Breaking News
More () »

Sharp decline in cancer detections during pandemic is cause for concern

Cancer screenings and diagnoses fall sharply during pandemic

GRAND RAPIDS, Mich. — Recent data show one-third of Americans have skipped scheduled cancer screenings during the COVID-19 pandemic, and even more have missed routine doctor's appointments. The numbers are causing concern throughout the medical community, including in West Michigan.

"There are a couple of problems. One problem is some patients are hesitant to go see their doctors or go into health care facilities, during the pandemic. That's one piece of the problem, but the other is that some of those services just haven't been available to patients, at all," says Dr. Paul Wright, Surgical Oncologist, Spectrum Health Cancer Center.  "This is particularly true when you think of cancer screenings. Things like getting your colonoscopy done and getting skin checked by a dermatologist or having your mammogram done, or even just a routine checkup with your primary care physician. There's been a lot of those things that patients just haven't had access to."

The research was published by JAMA Network Open, found a steep decline in the number of new cancer diagnoses with 6 common type of cancer, including Breast cancer; Colorectal cancer; Esophageal cancer; Gastric cancer; Lung cancer; and Pancreatic cancer.

According to BreastCancer.org "during the pandemic, the weekly average number of people diagnosed with these six cancers dropped by 46.4%. Specifically, breast cancer diagnoses dropped by 51.8% — from 2,208 to 1,064."

RELATED: Colon Cancer: What you need to know (at any age)

"We want to meet you where you are, so that you get the testing done that you need to have done," says Wright. "When it comes to screenings, we know that cancers that are detected on screening are almost always early stage cancers. And, early stage cancers have the best survival results. There's no argument with that."

RELATED: When she went in for cancer treatment, her family didn't realize they wouldn't see her again

RELATED: Colon cancer rates rising among younger adults

Wright says he would not advise people, especially those that fall into high-risk categories or have a family history, to wait any longer.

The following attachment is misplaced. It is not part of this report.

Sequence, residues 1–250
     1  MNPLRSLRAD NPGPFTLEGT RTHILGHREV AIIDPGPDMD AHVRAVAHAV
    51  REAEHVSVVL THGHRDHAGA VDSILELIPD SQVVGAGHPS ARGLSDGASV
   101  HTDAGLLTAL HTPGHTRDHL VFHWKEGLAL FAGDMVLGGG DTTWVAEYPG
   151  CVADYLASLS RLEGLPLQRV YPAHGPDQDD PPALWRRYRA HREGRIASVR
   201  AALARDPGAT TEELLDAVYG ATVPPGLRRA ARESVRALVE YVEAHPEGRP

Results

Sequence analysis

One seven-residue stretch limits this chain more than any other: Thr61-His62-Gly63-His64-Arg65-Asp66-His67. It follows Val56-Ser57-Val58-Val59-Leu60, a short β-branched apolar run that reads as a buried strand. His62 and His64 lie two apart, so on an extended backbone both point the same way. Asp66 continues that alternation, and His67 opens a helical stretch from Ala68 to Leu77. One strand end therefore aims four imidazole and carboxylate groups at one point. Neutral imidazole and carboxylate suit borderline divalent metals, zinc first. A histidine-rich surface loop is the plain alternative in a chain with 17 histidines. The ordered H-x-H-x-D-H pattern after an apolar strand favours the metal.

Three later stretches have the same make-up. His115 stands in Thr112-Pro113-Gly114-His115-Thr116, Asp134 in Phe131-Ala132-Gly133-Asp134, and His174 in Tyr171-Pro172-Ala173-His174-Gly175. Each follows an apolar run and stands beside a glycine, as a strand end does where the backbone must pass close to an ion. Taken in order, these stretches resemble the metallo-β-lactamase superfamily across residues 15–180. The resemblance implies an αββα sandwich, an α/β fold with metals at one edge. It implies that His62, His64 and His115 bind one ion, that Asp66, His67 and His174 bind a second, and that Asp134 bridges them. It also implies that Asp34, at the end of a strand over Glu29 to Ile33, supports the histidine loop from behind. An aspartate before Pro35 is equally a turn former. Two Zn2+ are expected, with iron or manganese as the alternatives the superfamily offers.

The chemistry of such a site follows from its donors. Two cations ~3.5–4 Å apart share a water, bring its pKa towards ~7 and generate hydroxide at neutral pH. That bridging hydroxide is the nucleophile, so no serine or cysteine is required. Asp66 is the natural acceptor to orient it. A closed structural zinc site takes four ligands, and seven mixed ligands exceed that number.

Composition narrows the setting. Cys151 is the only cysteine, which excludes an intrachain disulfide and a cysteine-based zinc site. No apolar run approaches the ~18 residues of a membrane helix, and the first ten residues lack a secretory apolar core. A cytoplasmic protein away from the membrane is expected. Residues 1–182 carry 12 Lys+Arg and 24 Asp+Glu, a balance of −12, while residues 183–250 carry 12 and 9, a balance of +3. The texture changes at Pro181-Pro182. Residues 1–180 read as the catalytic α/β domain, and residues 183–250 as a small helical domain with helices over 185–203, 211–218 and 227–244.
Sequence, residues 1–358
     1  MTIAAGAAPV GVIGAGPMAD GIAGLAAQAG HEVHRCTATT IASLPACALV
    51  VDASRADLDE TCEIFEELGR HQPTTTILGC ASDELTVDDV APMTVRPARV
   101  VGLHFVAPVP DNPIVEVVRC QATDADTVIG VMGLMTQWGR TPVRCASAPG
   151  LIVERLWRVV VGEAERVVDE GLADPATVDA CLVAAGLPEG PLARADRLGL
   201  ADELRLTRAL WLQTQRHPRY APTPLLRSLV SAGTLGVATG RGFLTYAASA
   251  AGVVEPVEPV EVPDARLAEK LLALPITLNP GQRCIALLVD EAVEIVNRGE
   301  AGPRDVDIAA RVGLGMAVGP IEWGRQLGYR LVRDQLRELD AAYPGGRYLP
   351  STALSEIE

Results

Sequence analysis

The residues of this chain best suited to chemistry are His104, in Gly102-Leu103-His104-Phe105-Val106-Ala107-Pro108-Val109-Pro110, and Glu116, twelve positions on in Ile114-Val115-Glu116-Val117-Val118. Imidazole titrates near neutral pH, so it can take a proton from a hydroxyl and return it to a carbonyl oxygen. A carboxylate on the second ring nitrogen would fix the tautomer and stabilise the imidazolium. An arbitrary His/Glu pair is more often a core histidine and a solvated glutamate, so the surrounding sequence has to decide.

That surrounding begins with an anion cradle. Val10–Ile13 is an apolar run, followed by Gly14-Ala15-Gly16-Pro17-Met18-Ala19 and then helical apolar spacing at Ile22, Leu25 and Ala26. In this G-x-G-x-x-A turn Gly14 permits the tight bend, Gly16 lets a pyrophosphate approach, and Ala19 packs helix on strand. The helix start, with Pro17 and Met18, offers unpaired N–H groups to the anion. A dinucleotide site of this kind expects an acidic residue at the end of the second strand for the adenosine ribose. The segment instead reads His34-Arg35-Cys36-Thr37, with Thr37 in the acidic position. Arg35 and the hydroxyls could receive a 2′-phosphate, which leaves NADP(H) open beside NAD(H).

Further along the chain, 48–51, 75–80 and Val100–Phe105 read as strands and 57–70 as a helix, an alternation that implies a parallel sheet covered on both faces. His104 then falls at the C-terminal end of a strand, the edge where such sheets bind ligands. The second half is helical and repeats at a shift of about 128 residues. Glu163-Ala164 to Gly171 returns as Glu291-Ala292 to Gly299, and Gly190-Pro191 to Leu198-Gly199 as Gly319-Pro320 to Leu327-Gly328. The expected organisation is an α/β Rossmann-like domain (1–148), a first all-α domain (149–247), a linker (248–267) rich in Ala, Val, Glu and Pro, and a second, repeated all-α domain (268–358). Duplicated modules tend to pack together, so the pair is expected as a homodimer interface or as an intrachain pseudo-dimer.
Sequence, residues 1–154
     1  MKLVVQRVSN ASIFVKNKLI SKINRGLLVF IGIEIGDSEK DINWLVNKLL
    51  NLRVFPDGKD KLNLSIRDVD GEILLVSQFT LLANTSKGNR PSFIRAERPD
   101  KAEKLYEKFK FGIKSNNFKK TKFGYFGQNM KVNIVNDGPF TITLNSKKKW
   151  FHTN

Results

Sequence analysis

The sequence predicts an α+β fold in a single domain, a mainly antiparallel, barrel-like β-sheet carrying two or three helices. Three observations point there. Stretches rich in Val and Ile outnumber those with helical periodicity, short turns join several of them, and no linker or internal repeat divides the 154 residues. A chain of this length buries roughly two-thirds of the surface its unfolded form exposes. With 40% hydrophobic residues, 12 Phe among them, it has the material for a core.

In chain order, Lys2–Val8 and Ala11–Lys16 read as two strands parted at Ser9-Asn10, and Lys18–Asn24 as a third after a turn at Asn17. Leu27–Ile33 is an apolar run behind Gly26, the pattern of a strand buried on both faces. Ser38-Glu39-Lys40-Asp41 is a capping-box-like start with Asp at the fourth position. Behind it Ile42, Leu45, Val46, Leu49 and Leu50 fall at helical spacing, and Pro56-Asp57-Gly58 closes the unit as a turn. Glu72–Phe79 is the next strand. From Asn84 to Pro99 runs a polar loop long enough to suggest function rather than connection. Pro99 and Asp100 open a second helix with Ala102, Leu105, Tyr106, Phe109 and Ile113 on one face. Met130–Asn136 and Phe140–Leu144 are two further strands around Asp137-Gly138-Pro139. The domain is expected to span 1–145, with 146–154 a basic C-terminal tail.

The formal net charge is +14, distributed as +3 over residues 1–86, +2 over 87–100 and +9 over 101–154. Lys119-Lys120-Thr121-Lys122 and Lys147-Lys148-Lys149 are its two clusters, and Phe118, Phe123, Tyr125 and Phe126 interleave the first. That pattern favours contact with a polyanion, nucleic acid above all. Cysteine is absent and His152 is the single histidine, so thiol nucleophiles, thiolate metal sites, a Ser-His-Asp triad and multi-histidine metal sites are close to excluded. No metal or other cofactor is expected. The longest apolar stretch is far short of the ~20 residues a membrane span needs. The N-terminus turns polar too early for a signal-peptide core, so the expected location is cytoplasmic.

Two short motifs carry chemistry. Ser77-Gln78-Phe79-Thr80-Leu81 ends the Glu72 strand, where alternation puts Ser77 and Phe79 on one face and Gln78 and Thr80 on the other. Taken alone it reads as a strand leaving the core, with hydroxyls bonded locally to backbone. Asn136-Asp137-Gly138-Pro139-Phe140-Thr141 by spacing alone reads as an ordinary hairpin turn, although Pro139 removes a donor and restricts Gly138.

"We certainly all understand the fears and the risks of COVID. As health care workers, we've been dealing with those issues, throughout the pandemic. Here at Spectrum Health we're taking a lot of precautions to make sure that patients stay safe," he said. "I think sometimes it's just a matter of patients being reassured that appropriate safety protocols are being followed. And, like I said, feel free to reach out to your doctor or the site where you're having your screening done, just to make sure that you're comfortable with the procedures."

Spectrum Health is currently making an effort to reassure patients they can get screenings done safely during the pandemic.

RELATED: Spectrum Health Mobile Mammography Unit expands services amid COVID-19

"It's particularly important as we are coming up on Breast Cancer Awareness Month, in October. A lot of thought is going into, patients getting mammograms done. The mobile mammography unit is a great tool and option, and basically all of our breast care radiology sites are open for mammography now. We just need to make sure patients are taking advantage it for their own health," says Wright.

Wright says he's has noticed more patients starting to take advantage of those screening services at the Spectrum Health Cancer Center, as well as a slight increase in some of the cancers being detected through those screening mechanisms.

"What will be interesting to see is, are those things going to be detected at a little bit of a later stage than they otherwise would have. And, so, it's definitely going to be a focus of study and interest. We're involved in a clinical trial here that's looking at that. It's something that we're going to follow and pay close attention to moving forward," said Wright.

Some experts, like Norman Sharpless, director of the U.S. National Cancer Institute, in a June editorial, warns delayed cancer diagnosis, could lead to as many as 10,000 extra deaths over 10 years in breast and colorectal cancer alone.

Make it easy to keep up to date with more stories like this. Download the 13 ON YOUR SIDE app now.

Have a news tip? Email news@13onyourside.com, visit our Facebook page or Twitter. Subscribe to our YouTube channel.